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Pedals threading. What am I missing?

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  • Pedals threading. What am I missing?

    The more I think about it, the less the physics makes sense. Yet I can't be right while billions of people over a hundred years have all been wrong. Right?

    This is about the threading orientation on both (obviously) the pedal and the crank being reversed between the sides.
    If the pedal bearings were perfect - with absolutely zero friction - it wouldn't make any difference. The whole idea is that if there is some friction, then the rotation (when pedaling forward) tends to tighten the pedals, not loosen them.
    This is what puzzles me. The threading on the right side has the regular orientation: clockwise to screw, counterclockwise to unscrew (the other way around on the left side). But, when pedaling forward, the right pedal in regard to its crank rotates counterclockwise. Same reasoning for the left side, only in reverse. In other words, the pedals' rotations when pedaling forward tend to make the pedals come loose!

    So, what part of the problem right under my nose am I not seing?
    Or is it one hell of a long lasting conspiracy by the Loctite people?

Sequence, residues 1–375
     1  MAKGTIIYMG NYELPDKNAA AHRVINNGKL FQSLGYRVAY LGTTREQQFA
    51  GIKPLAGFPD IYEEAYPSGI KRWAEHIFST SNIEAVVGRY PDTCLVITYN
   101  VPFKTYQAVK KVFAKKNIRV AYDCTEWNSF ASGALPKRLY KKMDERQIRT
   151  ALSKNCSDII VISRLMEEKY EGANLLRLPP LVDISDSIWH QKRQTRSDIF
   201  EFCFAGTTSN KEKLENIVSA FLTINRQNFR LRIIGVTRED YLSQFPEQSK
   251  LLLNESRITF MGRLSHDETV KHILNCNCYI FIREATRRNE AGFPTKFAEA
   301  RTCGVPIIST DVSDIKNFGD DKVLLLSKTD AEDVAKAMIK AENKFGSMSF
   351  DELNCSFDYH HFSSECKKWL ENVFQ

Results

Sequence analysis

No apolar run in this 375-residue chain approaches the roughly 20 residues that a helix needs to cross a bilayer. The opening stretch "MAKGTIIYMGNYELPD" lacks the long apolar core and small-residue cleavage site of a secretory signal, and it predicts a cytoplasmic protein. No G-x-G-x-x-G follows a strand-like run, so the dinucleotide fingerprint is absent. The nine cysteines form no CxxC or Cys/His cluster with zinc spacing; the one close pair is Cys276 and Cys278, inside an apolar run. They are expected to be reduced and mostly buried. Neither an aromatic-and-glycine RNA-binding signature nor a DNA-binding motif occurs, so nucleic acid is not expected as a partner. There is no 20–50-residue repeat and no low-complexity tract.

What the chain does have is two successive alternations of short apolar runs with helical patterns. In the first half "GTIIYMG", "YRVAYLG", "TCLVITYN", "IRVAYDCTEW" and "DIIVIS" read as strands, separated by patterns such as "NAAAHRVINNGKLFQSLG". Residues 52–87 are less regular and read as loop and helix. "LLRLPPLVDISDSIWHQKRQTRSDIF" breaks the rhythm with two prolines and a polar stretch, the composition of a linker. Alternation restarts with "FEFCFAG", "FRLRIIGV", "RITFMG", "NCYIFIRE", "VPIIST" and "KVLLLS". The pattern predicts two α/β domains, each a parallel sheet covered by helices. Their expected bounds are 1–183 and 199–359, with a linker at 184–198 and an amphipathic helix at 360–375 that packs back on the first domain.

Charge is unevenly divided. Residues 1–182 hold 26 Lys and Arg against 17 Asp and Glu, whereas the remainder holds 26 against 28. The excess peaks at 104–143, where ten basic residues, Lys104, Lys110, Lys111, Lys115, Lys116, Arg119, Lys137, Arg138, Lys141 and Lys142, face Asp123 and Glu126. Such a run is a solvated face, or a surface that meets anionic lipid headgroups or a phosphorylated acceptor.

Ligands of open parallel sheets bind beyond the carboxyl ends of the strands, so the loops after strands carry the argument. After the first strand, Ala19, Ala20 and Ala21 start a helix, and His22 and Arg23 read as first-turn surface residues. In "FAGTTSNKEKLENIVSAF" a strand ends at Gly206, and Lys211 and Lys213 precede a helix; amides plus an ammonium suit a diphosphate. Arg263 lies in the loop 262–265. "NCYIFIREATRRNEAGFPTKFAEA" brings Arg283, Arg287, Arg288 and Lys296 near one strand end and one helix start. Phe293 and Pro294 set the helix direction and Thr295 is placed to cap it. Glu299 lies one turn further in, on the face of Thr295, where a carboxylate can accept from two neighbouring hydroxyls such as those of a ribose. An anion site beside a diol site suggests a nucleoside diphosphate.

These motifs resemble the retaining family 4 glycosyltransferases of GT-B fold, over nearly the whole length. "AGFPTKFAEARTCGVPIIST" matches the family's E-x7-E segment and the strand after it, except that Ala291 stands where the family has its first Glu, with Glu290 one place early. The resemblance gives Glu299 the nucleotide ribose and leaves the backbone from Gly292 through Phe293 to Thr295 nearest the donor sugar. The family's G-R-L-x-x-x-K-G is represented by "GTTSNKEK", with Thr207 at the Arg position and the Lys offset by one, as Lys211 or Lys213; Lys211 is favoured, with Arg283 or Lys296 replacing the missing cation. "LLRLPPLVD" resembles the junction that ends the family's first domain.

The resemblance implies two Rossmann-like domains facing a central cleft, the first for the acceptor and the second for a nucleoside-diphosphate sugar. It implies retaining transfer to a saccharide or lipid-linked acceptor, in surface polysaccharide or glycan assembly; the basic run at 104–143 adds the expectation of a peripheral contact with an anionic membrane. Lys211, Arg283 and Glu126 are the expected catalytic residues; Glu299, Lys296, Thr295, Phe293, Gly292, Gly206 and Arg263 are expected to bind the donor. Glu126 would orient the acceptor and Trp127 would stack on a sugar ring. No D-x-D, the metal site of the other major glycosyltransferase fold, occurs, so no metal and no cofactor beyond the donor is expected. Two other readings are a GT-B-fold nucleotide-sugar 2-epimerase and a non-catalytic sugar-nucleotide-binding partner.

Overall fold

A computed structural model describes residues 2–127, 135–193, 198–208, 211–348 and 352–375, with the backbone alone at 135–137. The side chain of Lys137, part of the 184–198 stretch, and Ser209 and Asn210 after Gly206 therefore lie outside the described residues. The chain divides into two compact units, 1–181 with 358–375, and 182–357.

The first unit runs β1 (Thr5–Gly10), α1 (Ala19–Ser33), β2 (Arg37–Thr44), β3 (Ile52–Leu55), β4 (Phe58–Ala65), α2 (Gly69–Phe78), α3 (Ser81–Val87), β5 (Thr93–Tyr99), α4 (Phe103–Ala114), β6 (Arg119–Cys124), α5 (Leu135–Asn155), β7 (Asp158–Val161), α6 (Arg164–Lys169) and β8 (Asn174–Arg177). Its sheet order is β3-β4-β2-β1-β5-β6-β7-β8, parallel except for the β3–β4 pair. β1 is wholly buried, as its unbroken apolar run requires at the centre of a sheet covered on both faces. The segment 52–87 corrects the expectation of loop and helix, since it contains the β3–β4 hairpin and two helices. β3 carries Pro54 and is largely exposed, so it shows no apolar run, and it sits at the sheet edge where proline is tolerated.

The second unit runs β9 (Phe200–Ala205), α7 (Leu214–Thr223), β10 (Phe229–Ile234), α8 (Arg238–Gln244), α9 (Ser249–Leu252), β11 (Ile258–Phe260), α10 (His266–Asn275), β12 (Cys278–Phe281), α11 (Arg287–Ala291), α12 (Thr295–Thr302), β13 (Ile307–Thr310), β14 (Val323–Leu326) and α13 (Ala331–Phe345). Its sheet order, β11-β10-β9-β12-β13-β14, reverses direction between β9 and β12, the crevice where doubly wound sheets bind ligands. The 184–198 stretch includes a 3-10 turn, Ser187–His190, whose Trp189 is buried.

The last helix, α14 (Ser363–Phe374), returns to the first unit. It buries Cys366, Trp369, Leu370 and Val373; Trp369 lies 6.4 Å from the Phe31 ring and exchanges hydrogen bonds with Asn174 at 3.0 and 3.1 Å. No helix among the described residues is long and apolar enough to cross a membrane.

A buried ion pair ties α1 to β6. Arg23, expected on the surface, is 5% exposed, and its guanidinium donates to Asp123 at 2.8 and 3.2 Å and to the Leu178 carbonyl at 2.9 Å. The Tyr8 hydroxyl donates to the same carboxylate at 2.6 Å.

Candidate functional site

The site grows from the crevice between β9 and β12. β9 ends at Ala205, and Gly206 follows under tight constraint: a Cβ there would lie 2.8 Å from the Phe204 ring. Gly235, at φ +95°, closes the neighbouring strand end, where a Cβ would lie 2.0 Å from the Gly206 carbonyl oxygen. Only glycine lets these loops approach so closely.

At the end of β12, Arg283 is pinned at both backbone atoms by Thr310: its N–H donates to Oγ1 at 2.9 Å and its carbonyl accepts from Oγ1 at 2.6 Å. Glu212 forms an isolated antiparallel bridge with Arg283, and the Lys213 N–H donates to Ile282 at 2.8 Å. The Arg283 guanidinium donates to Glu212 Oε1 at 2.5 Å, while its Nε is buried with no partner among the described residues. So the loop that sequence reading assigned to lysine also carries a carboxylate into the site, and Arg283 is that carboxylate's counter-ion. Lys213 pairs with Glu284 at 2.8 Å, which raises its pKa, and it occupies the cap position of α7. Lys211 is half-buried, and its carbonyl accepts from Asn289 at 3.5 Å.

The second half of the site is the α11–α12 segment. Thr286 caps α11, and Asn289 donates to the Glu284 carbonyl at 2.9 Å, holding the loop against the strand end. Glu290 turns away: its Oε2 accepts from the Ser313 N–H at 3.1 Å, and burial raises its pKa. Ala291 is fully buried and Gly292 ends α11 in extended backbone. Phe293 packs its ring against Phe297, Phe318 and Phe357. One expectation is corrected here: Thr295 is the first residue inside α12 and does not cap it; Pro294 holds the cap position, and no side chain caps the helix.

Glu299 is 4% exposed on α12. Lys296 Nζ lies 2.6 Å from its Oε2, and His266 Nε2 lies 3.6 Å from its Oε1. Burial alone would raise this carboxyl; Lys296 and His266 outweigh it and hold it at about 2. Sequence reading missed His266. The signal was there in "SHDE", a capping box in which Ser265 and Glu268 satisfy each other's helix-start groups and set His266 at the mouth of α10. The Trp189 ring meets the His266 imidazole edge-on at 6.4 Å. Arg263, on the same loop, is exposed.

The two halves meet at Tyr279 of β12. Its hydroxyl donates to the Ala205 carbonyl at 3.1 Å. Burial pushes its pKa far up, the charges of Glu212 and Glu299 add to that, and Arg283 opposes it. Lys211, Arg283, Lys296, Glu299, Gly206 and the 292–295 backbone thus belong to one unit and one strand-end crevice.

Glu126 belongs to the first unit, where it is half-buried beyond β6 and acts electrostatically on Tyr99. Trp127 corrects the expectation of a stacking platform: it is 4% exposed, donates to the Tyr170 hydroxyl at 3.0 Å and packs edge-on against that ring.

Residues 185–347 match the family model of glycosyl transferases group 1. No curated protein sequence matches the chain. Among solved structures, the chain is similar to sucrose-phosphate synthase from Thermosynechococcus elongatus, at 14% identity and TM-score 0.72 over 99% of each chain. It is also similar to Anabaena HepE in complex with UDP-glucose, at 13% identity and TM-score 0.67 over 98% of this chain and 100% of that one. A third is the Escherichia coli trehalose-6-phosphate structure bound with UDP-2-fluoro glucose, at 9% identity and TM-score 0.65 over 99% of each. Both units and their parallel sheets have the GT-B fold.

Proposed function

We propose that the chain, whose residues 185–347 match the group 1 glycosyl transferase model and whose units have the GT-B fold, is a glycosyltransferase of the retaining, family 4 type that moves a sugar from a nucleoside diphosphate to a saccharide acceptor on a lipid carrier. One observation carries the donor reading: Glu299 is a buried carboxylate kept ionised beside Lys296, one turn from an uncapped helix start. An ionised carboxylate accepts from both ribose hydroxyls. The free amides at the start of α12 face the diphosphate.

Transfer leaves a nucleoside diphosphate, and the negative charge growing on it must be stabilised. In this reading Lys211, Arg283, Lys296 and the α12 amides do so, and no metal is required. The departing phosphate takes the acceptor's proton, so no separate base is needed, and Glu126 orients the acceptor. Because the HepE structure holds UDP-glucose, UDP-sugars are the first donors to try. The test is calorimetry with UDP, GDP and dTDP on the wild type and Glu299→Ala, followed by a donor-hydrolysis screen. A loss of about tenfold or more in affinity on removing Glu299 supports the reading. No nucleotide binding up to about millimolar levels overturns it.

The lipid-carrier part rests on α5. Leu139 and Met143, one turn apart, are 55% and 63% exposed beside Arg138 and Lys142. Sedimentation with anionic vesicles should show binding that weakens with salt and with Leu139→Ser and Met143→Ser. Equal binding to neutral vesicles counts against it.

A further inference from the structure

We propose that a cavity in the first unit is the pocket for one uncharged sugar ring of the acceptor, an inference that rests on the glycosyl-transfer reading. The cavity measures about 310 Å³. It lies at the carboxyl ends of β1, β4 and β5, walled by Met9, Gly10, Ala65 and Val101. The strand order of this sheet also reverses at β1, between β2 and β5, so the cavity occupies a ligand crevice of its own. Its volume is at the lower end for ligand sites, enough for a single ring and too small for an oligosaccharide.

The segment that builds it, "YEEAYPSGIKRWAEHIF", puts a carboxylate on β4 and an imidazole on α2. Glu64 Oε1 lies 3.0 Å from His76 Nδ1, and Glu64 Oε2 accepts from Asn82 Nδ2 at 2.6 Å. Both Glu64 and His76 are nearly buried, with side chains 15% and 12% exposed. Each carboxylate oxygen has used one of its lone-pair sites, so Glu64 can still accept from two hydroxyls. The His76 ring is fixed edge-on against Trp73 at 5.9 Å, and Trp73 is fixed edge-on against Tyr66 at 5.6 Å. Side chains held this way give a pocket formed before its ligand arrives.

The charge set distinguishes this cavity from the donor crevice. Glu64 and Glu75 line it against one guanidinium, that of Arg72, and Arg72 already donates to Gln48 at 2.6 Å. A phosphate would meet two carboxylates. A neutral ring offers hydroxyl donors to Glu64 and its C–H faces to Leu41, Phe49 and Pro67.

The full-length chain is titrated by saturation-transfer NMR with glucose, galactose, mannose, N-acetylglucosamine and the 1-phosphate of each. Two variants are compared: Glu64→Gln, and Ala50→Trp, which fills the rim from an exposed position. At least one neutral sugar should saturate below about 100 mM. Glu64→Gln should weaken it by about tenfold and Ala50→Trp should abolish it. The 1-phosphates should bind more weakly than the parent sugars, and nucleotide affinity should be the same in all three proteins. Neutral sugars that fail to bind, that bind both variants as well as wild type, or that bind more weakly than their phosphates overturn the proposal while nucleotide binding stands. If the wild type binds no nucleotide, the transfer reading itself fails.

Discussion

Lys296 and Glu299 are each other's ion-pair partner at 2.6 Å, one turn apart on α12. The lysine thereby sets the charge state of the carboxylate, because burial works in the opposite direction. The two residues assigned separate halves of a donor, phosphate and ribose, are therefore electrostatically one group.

Last edited by Garp; 2019-04-06, 03:27 AM.

  • #2
    You are correct, it is a little counter intuitive. As it turns out it is not the rotation of the pedal that caused the problem but the rotational bending or stress of the pedal shaft. With out any rotation of the pedal and just flexing or stressing the pedal shaft in a circular motion would tend to loosen the pedal thread if the wrong thread was used on the wrong side. I suppose you could test this process by theading a long rod into a fixed nut and flexing the rod in a circular motion.

    Mechanical precession:
    “Precession is the process of a round part in a round hole rotating with respect to that hole because of clearance between them and a radial force on the part that changes direction. The direction of rotation of the inner part is opposite to the direction of rotation of the radial force.”

    More info at:
    https://blog.everydayscientist.com/?p=2655

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    • #3
      Thank you for the explanation, JimT. This had been bugging me for a while.

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      • #4
        An easy, and classic, demonstration is to wrap your hand around one end of a pencil and move the other end around in a circle. Circle it forward, and watch it rotate backward at the same time - voila!

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